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4CPS-025 Lipid modification therapy for primary prevention of cardiovascular disease
  1. S Fhadil1,
  2. P Wright1,
  3. M Khuu2,
  4. B Hazelrigg2,
  5. A Jung2,
  6. O Ruthsatz2,
  7. S Antoniou1
  1. 1Barts Health NHS Trust, Pharmacy, London, UK
  2. 2Purdue University, Pharmacy, West Lafayette, USA


Background Cardiovascular disease (CVD) is the leading cause of mortality worldwide, totalling almost one-third of all deaths. Lipid optimisation is a key public health priority to decrease CVD morbidity, mortality and consequential economic burden on healthcare systems. A reduction in cholesterol by 1 mmol with statin therapy reduces the risk of CVD events by 20%–24%, in people with an estimated 10 year CVD risk greater than 10%. In the UK, the National Institute of Clinical Excellence (NICE) recommends atorvastatin 20 mg for primary prevention of CVD in these people, using QRISK2 to estimate their level of risk.

Purpose To assess adherence to NICE lipid modification guidance in patients presenting with acute coronary syndrome (ACS).

Material and methods Data on lipid-lowering therapy was collected prospectively, over an 8 week period in August 2018, for all patients presenting with ACS. QRISK2 scores were calculated for patients admitted with ACS naïve to statin therapy. Ethics approval was not required.

Results Two-hundred and fifty-two patients presented with ACS: mean total cholesterol and low-density lipoprotein (LDL) levels on admission were 4.7 and 2.8 mmol/L respectively. One-hundred and thirty-six (54%) patients were naïve to statin therapy prior to admission, of these 91 (67%) had a QRISK2 score greater than 10% (mean 18.45%). All patients were subsequently discharged on high-intensity statins, 124 (91%) on atorvastatin 80 mg.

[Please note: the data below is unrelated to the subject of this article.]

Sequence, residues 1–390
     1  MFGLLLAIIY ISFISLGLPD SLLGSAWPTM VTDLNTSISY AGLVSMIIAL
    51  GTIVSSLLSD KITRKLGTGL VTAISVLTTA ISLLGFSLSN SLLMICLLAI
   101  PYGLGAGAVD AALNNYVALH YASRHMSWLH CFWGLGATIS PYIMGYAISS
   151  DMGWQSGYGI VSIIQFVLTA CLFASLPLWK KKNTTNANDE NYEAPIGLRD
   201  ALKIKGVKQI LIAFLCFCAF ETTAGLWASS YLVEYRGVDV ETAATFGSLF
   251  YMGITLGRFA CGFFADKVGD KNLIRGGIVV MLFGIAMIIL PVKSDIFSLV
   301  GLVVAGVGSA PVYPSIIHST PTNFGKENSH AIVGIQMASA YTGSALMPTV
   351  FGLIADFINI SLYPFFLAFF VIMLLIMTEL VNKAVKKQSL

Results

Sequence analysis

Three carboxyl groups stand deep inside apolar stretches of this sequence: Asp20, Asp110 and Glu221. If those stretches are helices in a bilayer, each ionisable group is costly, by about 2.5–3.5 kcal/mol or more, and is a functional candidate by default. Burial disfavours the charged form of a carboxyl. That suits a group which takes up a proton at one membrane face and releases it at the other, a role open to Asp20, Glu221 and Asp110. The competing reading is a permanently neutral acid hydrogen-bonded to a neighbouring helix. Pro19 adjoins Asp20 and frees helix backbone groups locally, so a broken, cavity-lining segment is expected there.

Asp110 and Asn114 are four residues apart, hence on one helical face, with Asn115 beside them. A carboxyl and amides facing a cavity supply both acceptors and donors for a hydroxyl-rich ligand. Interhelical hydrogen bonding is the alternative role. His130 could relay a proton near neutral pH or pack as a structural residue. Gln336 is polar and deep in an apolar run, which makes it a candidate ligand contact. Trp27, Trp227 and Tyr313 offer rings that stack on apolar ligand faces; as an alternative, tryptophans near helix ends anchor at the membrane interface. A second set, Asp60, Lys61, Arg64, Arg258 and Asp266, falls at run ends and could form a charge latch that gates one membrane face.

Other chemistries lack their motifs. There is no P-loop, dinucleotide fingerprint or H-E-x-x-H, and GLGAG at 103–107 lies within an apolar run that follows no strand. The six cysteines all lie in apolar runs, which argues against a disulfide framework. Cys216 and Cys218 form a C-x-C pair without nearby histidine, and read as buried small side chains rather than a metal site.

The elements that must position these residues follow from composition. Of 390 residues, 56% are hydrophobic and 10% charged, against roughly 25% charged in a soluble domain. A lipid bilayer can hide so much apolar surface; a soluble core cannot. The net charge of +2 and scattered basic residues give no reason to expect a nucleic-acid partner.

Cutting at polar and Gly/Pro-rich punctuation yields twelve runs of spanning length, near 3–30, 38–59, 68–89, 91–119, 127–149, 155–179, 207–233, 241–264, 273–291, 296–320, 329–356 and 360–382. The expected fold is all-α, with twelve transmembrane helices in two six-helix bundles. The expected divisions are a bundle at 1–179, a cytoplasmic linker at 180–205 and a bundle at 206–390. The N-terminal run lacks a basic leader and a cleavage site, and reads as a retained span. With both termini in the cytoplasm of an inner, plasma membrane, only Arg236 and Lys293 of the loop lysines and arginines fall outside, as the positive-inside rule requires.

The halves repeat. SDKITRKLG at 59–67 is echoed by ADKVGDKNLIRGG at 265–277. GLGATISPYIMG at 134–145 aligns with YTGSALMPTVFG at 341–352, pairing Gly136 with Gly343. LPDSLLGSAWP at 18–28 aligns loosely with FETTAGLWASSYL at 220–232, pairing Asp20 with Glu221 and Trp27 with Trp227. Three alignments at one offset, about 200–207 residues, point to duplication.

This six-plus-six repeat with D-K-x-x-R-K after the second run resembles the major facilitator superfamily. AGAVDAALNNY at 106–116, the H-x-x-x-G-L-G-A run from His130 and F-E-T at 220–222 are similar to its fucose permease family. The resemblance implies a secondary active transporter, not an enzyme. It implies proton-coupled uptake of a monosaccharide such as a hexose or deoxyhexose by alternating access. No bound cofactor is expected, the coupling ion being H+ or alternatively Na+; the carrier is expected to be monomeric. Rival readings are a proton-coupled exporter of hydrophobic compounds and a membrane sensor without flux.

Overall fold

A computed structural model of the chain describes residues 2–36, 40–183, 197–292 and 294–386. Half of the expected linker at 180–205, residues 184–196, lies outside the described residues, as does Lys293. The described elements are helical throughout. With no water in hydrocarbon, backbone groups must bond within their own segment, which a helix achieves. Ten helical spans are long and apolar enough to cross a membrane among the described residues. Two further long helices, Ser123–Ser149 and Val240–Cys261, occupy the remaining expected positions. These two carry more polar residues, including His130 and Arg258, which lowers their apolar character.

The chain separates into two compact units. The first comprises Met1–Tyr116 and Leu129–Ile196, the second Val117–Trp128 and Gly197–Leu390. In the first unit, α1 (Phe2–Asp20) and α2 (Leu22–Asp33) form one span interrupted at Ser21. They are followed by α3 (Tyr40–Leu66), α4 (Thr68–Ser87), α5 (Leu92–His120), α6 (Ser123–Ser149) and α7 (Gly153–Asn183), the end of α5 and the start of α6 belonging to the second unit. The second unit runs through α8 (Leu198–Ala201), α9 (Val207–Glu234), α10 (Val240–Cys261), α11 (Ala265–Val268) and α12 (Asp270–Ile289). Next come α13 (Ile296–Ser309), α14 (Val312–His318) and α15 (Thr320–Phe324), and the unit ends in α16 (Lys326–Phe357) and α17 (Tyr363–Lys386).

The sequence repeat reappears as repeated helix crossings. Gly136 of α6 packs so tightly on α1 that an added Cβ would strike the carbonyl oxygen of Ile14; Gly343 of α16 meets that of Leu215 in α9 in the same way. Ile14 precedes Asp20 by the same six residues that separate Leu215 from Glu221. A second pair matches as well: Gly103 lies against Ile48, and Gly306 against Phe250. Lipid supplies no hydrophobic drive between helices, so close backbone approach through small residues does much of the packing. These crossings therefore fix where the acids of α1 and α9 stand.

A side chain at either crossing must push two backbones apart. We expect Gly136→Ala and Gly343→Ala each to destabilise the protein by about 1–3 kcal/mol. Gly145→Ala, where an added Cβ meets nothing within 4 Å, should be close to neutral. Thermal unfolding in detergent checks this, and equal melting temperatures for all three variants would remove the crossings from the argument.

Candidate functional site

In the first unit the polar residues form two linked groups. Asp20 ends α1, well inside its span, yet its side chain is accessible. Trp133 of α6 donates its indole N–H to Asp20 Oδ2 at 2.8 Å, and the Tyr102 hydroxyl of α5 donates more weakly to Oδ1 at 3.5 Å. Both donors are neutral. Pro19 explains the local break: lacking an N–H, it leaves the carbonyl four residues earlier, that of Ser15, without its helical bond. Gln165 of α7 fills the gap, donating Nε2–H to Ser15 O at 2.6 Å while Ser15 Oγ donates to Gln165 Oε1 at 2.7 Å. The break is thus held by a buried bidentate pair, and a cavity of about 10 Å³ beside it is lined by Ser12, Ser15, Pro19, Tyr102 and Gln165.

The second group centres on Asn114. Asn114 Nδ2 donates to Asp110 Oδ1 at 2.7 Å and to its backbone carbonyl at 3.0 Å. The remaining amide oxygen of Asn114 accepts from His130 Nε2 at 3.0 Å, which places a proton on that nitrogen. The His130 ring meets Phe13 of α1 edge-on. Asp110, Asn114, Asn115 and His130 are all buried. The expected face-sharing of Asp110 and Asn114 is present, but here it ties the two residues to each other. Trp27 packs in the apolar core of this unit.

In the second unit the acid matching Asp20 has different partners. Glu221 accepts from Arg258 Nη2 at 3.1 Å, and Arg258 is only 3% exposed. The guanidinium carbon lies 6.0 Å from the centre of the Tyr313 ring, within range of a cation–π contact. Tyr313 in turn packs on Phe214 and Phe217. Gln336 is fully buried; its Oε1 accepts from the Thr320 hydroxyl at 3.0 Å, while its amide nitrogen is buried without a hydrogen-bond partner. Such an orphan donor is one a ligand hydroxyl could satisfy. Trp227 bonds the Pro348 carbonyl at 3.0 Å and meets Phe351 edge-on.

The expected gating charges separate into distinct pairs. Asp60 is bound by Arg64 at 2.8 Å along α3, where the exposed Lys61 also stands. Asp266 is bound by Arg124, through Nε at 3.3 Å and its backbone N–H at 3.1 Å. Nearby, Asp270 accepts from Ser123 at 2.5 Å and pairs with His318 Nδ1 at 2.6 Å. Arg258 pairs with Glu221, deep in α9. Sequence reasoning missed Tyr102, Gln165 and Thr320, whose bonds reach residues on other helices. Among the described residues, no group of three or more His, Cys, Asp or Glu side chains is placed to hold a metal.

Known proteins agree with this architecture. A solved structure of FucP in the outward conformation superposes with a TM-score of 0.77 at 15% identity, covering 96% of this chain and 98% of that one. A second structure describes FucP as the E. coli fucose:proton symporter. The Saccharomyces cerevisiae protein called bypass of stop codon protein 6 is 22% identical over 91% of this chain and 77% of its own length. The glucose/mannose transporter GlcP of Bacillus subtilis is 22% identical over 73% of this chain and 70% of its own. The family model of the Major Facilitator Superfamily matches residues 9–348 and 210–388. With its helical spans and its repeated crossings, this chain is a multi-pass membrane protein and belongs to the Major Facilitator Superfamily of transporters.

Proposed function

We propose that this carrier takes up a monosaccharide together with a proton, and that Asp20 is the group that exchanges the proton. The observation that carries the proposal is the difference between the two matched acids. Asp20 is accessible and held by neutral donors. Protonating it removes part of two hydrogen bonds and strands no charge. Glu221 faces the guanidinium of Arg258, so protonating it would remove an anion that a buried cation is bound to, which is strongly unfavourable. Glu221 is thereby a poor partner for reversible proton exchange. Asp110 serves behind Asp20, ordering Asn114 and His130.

Conclusion Two-thirds of patients naïve to statin therapy prior to admission had a 10 year CVD risk of 10% or greater, as estimated using QRISK2, and would have been eligible for atorvastatin 20 mg for primary prevention of CVD as per NICE guidance. Identifying patients in primary care at risk of CVD events is key to ensuring appropriate lifestyle modifications are undertaken and statin therapy initiated, both of which have been shown to reduce CVD event rates. Community services, such as NHS health checks at community pharmacies, and development of GP practice-based pharmacists should be targeted and supported by secondary care to ensure high-risk patients are prescribed optimum lipid modification therapy for primary prevention of CVD, thereby reducing the risk of CVD morbidity, mortality and associated financial implications to the health system.

References and/or acknowledgements

No conflict of interest.

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